The Research Council of Norway is a funding supporter of the International Centre for Reindeer Husbandry, the EALAT research project and the development of the Reindeer Portal.
Research is a driving force behind the advancement of Norwegian society and is vital to promoting scientific and knowledge-related development. Research is in and of itself enriching and comprises an important part of Norwegian culture. At the same time it provides direct practical benefits and is a tool for satisfying society’s need for concrete results. By carrying out broad-based, high-quality research activities, Norway can contribute actively to the global pool of knowledge and gain access to the international knowledge community. In keeping with its vision, the Research Council incorporates the widest possible range of motivations for research activity into its efforts, and its objectives, instruments and working methods are adapted accordingly.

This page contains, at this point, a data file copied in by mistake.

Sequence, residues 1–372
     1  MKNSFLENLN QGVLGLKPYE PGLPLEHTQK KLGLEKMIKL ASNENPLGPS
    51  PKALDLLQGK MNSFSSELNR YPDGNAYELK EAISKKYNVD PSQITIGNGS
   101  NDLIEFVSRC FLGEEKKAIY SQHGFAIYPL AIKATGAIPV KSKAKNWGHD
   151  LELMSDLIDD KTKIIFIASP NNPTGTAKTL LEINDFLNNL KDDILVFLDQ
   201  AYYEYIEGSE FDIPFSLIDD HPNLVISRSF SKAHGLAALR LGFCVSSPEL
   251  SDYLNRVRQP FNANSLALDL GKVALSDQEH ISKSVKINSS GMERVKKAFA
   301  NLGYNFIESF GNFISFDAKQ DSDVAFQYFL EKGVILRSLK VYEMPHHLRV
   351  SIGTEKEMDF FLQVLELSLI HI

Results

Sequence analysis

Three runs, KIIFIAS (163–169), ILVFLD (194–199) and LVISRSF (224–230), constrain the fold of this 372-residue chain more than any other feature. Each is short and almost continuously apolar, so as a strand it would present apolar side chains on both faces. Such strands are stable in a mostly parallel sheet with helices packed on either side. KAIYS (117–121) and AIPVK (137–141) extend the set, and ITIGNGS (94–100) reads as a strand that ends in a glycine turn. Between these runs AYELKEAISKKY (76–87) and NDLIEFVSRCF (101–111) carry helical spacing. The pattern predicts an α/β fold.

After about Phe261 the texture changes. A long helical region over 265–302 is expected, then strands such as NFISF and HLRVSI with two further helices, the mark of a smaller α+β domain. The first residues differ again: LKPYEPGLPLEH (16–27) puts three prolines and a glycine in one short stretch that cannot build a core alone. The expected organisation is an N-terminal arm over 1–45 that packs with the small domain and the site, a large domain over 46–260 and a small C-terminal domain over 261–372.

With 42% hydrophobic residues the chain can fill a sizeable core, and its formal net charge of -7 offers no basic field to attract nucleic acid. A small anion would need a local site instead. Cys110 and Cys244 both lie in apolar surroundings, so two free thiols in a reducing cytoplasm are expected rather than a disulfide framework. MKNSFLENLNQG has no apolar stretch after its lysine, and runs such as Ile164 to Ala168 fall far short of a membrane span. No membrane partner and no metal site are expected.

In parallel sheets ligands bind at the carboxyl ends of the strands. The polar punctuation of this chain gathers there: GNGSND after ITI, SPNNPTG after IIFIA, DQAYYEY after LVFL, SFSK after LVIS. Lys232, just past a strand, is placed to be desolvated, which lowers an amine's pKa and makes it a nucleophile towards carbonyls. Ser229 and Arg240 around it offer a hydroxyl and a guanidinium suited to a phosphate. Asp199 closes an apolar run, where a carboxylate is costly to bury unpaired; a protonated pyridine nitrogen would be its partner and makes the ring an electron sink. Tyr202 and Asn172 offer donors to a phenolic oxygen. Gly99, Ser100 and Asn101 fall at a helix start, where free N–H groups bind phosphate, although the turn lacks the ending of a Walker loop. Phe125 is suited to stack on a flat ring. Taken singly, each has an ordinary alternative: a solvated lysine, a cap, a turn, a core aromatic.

The University of the Arctic has been a supporter of the work of the International Centre for Reindeer Husbandry and ICR as a member of the UArctic network.
The University of the Arctic (UArctic) is a cooperative network of universities, colleges, and other organizations committed to higher education and research in the North. Our members share resources, facilities, and expertise to build post-secondary education programs that are relevant and accessible to northern students. Our overall goal is to create a strong, sustainable circumpolar region by empowering northerners and northern communities through education and shared knowledge.We promote education that is circumpolar, interdisciplinary, and diverse in nature, and draw on our combined strengths to address the unique challenges of the region. The University of the Arctic recognizes the integral role of indigenous peoples in northern education, and seeks to engage their perspectives in all of its activities.